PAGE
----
Los Altos residents are not only doing better with their social distancing – the crooks are apparently staying home, too.
Police Chief Andy Galea said Friday that overall crime in the city was down 8% over 2019. Burglaries dropped 38% over last year, he said – plummeting 69% since the first shelter-in-place order took effect March 16. In a statement Monday, local health officers who authored the order announced it will be extended through May. More details are set to come later this week.
Galea said regular police patrols have deterred suspects.
Participating in a “Chat with the Chief” webinar April 24, Galea noted residents are getting better at following the rules.
“As time goes on, people are becoming more aware,” he said. “There is more social pressure to follow the guidelines (issued by) the health officer.”
Galea said officers are receiving more calls for service since the order, but they are related to the stay-at-home directives and social distancing rather than reporting criminal activity such as commercial burglaries and vehicle thefts.
The COVID-19 pandemic has prompted changes in protocols and work patterns for the police force, according to Galea. Officers are working seven days straight, are off for the next seven days and then are on standby for the following seven days in case additional enforcement is needed during one of their off-shifts. Vehicles are sanitized at the end of each week, he said.
The only service the department is not offering residents at this time is front-desk assistance, as the lobby at the police station is closed to minimize personal contact.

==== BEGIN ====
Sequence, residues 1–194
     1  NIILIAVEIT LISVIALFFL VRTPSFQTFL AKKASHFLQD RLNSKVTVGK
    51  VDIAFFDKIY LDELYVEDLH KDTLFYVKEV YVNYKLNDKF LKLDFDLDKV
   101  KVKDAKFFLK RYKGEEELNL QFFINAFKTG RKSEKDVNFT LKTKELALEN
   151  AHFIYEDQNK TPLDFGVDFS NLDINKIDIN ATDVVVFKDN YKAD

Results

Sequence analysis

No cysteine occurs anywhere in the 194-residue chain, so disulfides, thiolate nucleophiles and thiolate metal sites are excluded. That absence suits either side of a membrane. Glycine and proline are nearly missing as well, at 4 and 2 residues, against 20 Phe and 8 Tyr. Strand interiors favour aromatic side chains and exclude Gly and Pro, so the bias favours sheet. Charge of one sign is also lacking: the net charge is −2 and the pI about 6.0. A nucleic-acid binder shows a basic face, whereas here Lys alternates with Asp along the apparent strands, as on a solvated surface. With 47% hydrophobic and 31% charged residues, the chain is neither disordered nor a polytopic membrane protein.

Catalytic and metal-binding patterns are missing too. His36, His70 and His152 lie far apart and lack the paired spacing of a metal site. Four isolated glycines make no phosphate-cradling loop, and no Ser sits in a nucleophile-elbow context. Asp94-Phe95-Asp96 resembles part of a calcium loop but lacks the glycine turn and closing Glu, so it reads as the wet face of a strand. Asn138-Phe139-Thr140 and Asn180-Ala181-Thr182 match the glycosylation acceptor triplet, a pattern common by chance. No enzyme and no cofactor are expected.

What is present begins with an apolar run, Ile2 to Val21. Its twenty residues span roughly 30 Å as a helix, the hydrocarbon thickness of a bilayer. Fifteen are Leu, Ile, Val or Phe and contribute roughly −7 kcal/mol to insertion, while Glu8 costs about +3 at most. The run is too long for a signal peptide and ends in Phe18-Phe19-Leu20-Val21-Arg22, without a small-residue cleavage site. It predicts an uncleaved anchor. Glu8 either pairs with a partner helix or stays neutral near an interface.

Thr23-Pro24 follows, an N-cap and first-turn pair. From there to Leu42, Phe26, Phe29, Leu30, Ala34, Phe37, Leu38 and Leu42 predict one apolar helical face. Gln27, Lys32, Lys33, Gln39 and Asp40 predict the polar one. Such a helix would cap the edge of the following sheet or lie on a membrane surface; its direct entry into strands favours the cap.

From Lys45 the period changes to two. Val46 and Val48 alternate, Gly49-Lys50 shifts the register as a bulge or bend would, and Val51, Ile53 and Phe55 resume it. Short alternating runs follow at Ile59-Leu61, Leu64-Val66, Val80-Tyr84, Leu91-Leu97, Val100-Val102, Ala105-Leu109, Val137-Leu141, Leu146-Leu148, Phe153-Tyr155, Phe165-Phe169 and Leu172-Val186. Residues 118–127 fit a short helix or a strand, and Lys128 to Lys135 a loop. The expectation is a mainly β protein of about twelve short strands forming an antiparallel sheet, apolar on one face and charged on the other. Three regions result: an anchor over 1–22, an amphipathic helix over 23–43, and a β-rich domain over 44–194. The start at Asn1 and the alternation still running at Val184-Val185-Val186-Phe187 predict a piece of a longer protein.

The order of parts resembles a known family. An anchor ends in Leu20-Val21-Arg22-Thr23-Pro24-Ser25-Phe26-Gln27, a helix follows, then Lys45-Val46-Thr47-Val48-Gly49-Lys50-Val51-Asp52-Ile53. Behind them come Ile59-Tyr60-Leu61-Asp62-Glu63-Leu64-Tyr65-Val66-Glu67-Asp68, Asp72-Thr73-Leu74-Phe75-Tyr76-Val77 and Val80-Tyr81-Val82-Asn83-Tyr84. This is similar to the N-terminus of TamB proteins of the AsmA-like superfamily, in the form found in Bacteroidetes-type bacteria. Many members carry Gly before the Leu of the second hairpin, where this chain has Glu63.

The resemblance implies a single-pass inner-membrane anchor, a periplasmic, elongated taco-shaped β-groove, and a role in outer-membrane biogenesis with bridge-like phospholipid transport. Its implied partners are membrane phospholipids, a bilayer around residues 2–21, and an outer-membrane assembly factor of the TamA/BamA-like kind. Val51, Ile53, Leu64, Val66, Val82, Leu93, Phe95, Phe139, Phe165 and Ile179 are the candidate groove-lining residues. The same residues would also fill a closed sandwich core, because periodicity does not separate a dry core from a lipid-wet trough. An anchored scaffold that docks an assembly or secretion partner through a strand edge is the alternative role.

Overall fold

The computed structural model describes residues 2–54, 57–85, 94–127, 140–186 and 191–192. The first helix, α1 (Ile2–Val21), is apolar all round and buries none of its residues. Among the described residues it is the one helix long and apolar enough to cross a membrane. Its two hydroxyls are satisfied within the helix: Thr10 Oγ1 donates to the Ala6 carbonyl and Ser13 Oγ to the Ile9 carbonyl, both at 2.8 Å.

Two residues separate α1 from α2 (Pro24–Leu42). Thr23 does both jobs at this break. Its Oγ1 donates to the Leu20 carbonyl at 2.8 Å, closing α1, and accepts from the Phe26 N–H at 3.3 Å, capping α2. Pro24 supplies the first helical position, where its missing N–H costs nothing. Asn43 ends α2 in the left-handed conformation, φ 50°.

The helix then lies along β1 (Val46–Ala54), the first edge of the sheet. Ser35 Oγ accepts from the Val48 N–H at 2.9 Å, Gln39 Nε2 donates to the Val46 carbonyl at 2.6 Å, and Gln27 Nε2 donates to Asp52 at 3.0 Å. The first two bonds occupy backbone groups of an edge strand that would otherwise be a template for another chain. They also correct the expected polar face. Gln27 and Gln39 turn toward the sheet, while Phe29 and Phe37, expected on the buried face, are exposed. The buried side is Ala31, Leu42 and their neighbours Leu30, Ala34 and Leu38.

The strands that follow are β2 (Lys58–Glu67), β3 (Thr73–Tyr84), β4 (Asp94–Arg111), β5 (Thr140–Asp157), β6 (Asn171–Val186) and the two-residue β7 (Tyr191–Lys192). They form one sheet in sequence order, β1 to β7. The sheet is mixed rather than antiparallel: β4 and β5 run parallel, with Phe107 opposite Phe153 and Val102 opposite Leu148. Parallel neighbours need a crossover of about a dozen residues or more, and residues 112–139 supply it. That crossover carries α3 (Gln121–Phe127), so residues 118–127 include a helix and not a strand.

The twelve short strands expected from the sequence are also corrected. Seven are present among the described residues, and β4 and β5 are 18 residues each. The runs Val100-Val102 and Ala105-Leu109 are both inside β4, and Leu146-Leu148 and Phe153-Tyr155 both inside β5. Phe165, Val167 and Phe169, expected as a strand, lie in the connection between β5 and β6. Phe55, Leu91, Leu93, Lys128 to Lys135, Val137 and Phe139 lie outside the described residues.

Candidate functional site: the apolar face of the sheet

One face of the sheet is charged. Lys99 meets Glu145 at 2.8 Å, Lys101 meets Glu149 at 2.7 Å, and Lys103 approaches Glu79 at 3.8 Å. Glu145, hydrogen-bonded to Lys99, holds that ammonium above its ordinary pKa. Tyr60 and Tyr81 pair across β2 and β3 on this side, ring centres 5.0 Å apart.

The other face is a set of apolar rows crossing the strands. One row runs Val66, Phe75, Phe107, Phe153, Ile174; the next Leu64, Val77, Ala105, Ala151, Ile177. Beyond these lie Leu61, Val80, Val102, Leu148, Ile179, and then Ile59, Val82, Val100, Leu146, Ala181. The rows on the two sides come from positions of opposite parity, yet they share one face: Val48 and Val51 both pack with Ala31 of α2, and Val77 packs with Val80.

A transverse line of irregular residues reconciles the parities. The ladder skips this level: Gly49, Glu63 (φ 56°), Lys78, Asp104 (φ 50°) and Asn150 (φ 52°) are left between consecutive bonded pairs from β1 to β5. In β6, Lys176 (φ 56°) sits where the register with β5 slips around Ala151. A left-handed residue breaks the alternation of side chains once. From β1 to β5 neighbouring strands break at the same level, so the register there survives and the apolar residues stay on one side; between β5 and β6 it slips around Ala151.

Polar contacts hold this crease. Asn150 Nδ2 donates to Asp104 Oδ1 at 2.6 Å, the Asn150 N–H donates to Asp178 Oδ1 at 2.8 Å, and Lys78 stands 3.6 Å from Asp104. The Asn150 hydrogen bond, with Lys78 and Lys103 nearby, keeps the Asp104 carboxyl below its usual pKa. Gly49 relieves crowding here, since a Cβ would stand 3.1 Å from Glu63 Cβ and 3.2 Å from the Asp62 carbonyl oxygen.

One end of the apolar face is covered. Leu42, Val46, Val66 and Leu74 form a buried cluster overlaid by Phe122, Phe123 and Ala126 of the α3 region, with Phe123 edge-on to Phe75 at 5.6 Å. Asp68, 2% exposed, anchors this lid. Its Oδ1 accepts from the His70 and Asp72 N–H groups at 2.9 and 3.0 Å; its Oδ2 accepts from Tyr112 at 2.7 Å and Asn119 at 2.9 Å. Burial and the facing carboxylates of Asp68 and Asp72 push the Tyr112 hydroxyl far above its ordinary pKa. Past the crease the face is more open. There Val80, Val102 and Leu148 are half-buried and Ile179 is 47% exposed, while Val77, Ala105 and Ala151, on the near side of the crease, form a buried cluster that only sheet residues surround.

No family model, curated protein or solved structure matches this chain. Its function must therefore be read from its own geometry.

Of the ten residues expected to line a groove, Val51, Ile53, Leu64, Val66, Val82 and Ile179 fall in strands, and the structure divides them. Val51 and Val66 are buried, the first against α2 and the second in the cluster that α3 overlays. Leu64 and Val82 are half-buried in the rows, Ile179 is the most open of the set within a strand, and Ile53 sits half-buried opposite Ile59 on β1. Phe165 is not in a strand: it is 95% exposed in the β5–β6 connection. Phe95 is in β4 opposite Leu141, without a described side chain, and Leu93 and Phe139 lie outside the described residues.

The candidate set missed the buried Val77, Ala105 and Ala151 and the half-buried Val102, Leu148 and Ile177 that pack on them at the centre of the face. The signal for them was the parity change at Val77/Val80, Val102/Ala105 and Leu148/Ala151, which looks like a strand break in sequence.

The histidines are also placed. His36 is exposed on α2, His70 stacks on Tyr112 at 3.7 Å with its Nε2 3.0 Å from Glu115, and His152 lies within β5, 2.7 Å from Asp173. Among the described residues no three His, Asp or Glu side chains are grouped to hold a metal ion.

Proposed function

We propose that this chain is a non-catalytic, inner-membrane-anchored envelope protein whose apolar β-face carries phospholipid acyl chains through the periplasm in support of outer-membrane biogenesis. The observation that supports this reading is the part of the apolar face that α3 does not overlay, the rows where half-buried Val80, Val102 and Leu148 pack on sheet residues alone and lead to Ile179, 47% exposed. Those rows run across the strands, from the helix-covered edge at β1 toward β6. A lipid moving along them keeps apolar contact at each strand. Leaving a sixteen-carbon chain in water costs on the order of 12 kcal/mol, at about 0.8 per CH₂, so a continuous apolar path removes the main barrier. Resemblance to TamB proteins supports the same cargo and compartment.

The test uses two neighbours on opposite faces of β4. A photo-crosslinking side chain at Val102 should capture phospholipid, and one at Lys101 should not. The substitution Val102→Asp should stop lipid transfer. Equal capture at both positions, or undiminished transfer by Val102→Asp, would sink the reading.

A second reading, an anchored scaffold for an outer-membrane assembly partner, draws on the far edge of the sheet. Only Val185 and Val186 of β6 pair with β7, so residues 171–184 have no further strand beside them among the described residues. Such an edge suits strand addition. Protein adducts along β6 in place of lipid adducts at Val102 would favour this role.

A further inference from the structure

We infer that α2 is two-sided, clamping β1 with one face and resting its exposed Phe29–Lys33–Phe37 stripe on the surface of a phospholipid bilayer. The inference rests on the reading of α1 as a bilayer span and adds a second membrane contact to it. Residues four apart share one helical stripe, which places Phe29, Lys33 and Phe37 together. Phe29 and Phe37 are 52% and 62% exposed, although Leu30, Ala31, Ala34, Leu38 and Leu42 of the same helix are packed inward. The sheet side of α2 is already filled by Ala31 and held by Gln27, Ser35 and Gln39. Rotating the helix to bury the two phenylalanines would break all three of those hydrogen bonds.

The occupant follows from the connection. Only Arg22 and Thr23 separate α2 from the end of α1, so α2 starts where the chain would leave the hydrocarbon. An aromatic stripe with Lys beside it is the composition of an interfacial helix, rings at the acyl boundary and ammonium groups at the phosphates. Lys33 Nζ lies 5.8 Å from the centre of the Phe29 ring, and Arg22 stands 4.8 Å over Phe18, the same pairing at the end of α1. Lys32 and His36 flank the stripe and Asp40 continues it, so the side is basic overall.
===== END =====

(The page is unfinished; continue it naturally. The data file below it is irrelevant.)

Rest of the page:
“This is a dangerous profession,” Galea said. “But this is a new type of danger. … We adapt.”
As of Friday, the agency had logged 309 reports of potential health order violations. The most frequent violations surround residential construction, landscaping and people misunderstanding the parameters of social distancing, Galea said. While several residents questioned why landscaping work was restricted, Galea and Los Altos emergency preparedness coordinator Ann Hepenstal reminded webinar viewers that it was not their place to debate restrictions designed by those focused on saving lives.
Galea noted that traffic violations have picked up, as fewer cars on the road have spurred some motorists to speed or barrel through stop signs.
“Our officers are out there enforcing traffic laws and we are issuing citations, so if someone is under the incorrect impression that we aren’t giving tickets, they are wrong,” he said.
When asked how long the public will be required to shelter in place, Galea repeated the words of Gov. Gavin Newsom: “I don’t have a crystal ball.”
“We are all starting to think about how things could and may open up,” he added, “but ultimately (Santa Clara County health officer) Sara Cody is going to give the most guidance on the whats and hows.”
For more information on the Los Altos Police Department’s modified services, visit bit.ly/2VyXAwg.